In the United States, the federal No Child Left Behind Act of 2001 established annual state tests for children in grades 3 through 8. The legislation also included measures for identifying low-performing schools and for assisting students in those schools. Under the law, if a school consistently performs poorly, its students may receive funds for tutoring or for transportation to other public schools. 
People who favor accountability systems believe such systems promote the effective teaching of basic skills. Many educators claim, however, that these systems fail to promote analytical or creative thinking. 



The four divisions that make up the United Kingdom-England, Northern Ireland, Scotland, and Wales-have separate educational systems. Each system is run by its own government department, which works closely with local school authorities. 
Children in the United Kingdom are required by law to begin school at the age of 5, except for children in Northern Ireland, who must begin school at the age of 4. The children are required to continue in school until they are 16. Generally, students attend primary (elementary) school until they are 11 or 12 years old. After that point, they attend secondary (high) school. There are several types of high schools in the United Kingdom. Some high schools provide a college preparatory education. Others stress a more technical or vocational education. However, most students attend comprehensive schools, which provide all types of high school education. 
The majority of British schoolchildren attend free primary schools and high schools that are supported by public funds. The rest go to private institutions called independent schools that are supported by fees paid by parents and by private gifts of money. There are several types of independent schools. The best known are the English public schools, which provide high school education. Although these schools are actually private institutions, they are called public schools because the earliest of these schools were established for the children of the middle classes. Some of these schools-such as Eton, Harrow, and Winchester-traditionally have trained students for the practice of law and for high-ranking positions in the government, the Church of England, and the armed forces.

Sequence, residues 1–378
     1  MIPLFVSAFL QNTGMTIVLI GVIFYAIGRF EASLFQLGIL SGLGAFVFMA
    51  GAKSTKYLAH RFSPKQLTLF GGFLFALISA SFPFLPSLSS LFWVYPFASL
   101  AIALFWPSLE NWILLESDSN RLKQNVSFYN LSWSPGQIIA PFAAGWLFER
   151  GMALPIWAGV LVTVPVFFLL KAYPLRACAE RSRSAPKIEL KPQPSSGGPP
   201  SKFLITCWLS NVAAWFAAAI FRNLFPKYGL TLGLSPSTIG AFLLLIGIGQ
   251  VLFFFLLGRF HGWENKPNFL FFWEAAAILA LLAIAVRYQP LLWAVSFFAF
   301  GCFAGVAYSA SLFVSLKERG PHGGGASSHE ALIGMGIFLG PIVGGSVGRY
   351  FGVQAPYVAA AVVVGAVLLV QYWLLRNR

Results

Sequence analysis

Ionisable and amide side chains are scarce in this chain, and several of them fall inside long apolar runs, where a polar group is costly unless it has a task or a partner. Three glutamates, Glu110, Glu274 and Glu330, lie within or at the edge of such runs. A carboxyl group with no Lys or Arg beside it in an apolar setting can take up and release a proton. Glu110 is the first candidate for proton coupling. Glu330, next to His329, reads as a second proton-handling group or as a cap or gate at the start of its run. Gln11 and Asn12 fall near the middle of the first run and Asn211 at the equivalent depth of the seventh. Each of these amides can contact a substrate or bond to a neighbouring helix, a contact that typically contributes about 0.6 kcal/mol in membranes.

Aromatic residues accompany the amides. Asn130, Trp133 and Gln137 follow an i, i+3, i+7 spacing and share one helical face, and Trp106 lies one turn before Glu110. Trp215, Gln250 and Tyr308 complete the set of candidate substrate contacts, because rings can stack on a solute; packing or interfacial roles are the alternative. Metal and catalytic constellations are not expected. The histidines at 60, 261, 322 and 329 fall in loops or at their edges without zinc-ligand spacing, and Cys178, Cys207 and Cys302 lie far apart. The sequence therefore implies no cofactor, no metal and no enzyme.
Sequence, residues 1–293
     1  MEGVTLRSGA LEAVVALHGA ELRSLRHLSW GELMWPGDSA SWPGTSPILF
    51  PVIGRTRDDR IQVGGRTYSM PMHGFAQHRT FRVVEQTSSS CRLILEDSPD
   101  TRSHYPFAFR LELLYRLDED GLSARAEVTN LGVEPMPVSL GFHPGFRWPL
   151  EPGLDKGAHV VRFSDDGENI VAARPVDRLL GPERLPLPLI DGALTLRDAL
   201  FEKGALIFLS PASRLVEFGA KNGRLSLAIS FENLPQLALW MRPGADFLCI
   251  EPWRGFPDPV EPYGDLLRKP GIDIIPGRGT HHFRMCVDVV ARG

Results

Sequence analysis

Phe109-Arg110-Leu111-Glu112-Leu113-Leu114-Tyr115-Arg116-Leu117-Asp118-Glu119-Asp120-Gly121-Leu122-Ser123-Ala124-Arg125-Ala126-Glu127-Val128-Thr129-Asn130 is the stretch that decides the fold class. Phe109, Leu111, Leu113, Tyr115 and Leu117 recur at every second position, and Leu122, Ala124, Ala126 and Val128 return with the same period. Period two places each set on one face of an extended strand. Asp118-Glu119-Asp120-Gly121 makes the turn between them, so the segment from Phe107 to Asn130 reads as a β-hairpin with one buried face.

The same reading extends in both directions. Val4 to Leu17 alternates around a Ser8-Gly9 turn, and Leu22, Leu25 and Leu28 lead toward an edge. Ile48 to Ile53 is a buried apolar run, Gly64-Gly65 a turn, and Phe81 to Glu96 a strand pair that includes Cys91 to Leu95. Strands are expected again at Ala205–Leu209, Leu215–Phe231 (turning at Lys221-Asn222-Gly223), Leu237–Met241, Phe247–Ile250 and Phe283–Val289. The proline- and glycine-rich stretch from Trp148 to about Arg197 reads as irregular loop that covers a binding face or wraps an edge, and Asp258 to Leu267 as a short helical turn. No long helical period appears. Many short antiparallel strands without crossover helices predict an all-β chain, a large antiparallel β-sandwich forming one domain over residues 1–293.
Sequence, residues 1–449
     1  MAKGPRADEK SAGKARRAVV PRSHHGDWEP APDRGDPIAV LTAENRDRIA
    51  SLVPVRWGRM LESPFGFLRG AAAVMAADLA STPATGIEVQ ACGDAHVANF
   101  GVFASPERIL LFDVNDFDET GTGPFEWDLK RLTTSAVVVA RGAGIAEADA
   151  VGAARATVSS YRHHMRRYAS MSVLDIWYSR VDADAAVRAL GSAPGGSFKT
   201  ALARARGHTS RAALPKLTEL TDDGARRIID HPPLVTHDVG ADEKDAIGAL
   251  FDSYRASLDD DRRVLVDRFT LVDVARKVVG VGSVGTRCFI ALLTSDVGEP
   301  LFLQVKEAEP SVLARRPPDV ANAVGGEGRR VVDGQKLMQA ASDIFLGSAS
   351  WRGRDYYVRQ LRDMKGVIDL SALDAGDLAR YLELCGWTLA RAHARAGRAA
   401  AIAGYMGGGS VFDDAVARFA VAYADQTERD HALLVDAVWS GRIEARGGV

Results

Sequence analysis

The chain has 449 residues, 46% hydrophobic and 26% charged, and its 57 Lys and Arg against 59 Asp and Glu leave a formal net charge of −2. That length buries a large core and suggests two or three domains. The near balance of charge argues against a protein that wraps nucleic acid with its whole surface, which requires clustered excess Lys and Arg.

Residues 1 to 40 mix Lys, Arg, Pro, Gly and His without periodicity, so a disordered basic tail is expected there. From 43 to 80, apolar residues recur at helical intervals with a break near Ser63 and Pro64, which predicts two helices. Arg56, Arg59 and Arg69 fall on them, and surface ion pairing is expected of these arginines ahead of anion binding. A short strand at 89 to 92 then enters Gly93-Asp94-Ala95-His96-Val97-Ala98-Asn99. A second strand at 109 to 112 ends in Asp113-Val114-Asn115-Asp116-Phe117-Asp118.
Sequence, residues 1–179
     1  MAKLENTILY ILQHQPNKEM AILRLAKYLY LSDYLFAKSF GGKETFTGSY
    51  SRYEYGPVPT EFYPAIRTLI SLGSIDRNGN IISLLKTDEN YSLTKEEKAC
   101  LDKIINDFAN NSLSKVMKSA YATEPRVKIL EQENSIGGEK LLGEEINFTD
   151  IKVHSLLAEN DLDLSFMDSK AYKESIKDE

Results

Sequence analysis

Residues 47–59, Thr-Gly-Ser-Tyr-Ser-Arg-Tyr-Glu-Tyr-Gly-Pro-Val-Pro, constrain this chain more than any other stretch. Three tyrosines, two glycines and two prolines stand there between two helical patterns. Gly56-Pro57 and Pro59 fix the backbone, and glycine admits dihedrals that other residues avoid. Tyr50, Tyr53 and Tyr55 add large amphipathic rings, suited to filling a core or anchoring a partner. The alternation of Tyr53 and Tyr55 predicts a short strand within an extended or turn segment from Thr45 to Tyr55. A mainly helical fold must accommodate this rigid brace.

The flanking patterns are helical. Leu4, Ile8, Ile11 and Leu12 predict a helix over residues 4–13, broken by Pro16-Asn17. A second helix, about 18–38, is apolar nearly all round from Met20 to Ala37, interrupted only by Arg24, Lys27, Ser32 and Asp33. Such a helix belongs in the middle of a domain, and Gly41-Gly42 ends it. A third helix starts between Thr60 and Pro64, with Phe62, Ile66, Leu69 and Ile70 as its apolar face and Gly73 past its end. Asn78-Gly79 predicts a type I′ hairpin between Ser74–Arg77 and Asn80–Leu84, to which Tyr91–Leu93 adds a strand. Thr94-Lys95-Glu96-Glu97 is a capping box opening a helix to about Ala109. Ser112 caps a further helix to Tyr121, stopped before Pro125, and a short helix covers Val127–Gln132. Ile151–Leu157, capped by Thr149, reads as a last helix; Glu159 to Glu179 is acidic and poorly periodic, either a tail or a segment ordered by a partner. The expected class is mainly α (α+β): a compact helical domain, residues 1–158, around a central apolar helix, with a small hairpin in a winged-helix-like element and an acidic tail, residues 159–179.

Institutions of higher education in the United Kingdom include two of the oldest and most famous universities in the world: the University of Oxford, founded in the 1100's, and the University of Cambridge, probably established in 1209. The University of London is the United Kingdom's largest traditional university. The Open University has more students, but it has no regular classrooms. Instead, the Open University provides instruction by radio, television, correspondence, the Internet, and other methods. Other universities in the United Kingdom include the University of Wales and the University of Glamorgan, in Wales; the universities at Aberdeen, Edinburgh, Glasgow, and St. Andrews, in Scotland; and Queen's University Belfast and the University of Ulster, in Northern Ireland. 

Although mainly supported by public funds, universities in the United Kingdom are not part of the government-run system of education. Instead, they are independent, self-governing bodies. The universities themselves decide what subjects they teach, what degrees they award, and what staff they appoint. The Quality Assurance Agency for Higher Education (QAA) reviews the standards of the schools.